"Our most ancient metaphor says life is a journey. Memoir is travel writing, then, notes taken along the way, telling how things looked and what thoughts occurred. . . .This is the traveler who goes on foot, living the journey, taking on mountains, enduring deserts, marveling at the lush green places...as a pilgrim, seeking, wondering." -Patricia Hampl

March 15, 2006

I Heart Blondie: Why Debbie Still ROCKS

I recall the twinge of joy I felt last week upon hearing that my First Lady of Punk Rock, Deborah Harry, was, with her band--in true punk fashion-- inducted into the Rock and Roll Hall of Fame. I'm not one for such museums, and have yet to visit the site in Cleveland. I'm not even sure who really gets to vote musicians in and why they only allow a few in at a time. But I do wear my CBGB shirt with pride, and can tell you exactly where I was when I first discovered what made Blondie so great.

Before the advent of MTv, I was under the impression that Debbie Harry resembled my Barbie doll: you know, the long, blonde locks, impossible body, and perpetual toothy smile. In fact, I probably listened to the first album (see above) a gajillion times while dressing and redressing my barbie, alongside my other girlfriends enjoying the same (retrospectively) tedious activity. My barbie was definitely a lead singer in a rock band, and for all I knew, the Malibu outfit. . .fit the bill.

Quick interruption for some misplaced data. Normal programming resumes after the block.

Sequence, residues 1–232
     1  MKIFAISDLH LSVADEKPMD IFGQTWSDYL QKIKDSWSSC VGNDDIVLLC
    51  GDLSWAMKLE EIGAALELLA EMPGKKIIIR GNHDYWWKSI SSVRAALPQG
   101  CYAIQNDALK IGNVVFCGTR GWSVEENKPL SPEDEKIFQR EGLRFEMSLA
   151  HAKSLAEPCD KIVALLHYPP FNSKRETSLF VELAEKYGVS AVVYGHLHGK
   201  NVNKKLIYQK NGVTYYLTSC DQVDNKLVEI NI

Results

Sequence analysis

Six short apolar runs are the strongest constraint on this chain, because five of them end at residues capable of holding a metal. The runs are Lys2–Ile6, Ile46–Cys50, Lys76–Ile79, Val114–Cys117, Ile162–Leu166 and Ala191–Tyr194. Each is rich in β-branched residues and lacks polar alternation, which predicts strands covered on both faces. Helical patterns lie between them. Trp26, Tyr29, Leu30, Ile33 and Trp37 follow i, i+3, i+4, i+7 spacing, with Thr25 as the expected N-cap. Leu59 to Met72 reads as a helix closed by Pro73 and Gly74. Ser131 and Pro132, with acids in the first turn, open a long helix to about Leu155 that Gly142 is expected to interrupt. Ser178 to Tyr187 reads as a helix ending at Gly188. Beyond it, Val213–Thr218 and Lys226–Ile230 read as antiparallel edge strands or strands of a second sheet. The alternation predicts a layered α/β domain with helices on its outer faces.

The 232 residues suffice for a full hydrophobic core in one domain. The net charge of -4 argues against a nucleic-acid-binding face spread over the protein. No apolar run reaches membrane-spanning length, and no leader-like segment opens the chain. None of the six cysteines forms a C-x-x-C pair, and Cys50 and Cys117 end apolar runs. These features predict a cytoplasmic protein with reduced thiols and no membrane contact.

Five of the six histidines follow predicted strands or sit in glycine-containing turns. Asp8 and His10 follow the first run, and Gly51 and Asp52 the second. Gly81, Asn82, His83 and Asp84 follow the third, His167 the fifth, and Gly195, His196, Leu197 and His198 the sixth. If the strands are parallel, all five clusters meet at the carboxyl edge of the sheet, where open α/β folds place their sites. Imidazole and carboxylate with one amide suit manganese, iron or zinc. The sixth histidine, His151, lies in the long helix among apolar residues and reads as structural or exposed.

That was, until the technicolor rocketship burst into cable, and MTv's little cartoon astronaut landed: in my living room. Barbie took a backseat while I watched, with childish awe, the voices I'd only heard on the radio become faces. Faces with bodies that wore fashion with attitude: and they didn't look anything like Barb. How I'd wished, through most of the '70's and early '80's, for the goody-goody blonde, all-American look: until the moment I saw Harry rappin' out Rapture. Ah! What moxy! And the package was anything but goody-goody: it was goody's antithesis, and she wore it like she was born to be bad.